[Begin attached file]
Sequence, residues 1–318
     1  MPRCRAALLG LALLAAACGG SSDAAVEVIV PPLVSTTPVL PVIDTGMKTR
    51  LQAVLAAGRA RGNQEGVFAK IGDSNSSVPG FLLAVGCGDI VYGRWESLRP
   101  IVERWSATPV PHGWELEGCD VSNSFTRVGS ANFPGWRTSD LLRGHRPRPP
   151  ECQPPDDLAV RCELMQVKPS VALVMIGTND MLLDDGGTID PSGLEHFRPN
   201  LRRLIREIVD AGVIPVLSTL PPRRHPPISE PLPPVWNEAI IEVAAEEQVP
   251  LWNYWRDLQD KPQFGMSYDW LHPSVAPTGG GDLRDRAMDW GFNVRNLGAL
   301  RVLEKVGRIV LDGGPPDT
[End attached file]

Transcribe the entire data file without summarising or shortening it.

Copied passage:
Sequence, residues 1–318
     1  MPRCRAALLG LALLAAACGG SSDAAVEVIV PPLVSTTPVL PVIDTGMKTR
    51  LQAVLAAGRA RGNQEGVFAK IGDSNSSVPG FLLAVGCGDI VYGRWESLRP
   101  IVERWSATPV PHGWELEGCD VSNSFTRVGS ANFPGWRTSD LLRGHRPRPP
   151  ECQPPDDLAV RCELMQVKPS VALVMIGTND MLLDDGGTID PSGLEHFRPN
   201  LRRLIREIVD AGVIPVLSTL PPRRHPPISE PLPPVWNEAI IEVAAEEQVP
   251  LWNYWRDLQD KPQFGMSYDW LHPSVAPTGG GDLRDRAMDW GFNVRNLGAL
   301  RVLEKVGRIV LDGGPPDT